1. Articles from Christoph K. Hitzenberger

    1-24 of 118 1 2 3 4 5 »
    1. Visualizing human photoreceptor and retinal pigment epithelium cell mosaics in a single volume scan over an extended field of view with adaptive optics optical coherence tomography

      Visualizing human photoreceptor and retinal pigment epithelium cell mosaics in a single volume scan over an extended field of view with adaptive optics optical coherence tomography

      Using adaptive optics optical coherence tomography, human photoreceptors and retinal pigment epithelium (RPE) cells are typically visualized on a small field of view of ∼1° to 2°. In addition, volume averaging is required for visualizing the RPE cell mosaic. To increase the imaging area, we introduce a lens based spectral domain AO-OCT system that shows low aberrations within an extended imaging area of 4°×4° while maintaining a high (theoretical) transverse resolution (at >7 mm pupil diameter) in the order of 2 µm. A new concept for wavefront sensing is introduced that uses light mainly originating from the RPE layer ...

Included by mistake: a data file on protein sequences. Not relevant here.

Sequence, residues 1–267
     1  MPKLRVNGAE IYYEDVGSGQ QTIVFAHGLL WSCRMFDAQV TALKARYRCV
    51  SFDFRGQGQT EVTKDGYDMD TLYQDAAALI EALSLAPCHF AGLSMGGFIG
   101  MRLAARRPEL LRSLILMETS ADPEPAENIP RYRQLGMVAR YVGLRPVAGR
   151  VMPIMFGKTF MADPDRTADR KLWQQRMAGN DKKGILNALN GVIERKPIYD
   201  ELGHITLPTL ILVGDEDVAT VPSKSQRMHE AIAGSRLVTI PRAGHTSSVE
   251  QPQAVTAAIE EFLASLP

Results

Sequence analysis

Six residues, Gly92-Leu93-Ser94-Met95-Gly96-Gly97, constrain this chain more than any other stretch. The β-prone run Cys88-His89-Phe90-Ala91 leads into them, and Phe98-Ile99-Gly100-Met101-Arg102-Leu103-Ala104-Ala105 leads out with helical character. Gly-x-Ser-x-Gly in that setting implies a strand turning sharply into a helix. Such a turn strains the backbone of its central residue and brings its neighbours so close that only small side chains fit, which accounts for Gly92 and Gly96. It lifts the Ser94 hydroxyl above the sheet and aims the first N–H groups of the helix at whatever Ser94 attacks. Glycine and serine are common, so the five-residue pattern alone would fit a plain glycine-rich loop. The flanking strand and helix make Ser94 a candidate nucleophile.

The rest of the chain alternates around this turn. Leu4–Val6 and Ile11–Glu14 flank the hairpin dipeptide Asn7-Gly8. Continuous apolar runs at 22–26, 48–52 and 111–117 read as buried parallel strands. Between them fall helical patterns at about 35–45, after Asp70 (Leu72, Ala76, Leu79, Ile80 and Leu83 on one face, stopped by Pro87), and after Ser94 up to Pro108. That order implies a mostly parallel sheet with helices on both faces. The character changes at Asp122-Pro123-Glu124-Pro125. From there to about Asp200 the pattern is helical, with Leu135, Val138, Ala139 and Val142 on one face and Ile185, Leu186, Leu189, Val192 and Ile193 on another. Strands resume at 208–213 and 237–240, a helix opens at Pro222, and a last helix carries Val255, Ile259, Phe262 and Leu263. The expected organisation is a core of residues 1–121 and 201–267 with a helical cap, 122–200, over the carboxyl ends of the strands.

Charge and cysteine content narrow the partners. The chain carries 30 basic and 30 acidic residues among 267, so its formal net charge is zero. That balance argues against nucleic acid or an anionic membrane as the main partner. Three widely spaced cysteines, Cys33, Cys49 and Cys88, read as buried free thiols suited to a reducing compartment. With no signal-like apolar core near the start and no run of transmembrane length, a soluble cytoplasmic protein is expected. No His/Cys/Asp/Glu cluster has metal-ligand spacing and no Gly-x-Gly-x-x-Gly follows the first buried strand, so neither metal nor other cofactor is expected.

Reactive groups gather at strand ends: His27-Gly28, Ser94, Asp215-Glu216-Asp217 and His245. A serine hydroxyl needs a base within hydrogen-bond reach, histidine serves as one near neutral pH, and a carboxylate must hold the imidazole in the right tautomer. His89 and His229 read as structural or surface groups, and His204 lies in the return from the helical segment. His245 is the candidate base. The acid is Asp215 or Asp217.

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    2. Optical Coherence Tomography Findings in the Retinas of SOD1 Knockout Mice

      Optical Coherence Tomography Findings in the Retinas of SOD1 Knockout Mice

      Purpose : The retinal phenotype of popular mouse models mimicking ophthalmic diseases, such as the superoxide dismutase 1 (SOD1) knockout (KO) mouse model, has mainly been assessed by ex vivo histology and in vivo fundus photography. We used multifunctional optical coherence tomography (OCT) to characterize the retinas of SOD1 KO mice in vivo. Methods : The custom-made ophthalmoscope featured a combination of conventional OCT, polarization-sensitive OCT, and OCT angiography. Seven SOD1 KO mice and nine age-matched controls were imaged between 6 and 17 months of age. A postprocessing framework was used to analyze total and outer retinal thickness changes. Drusenlike lesions were ...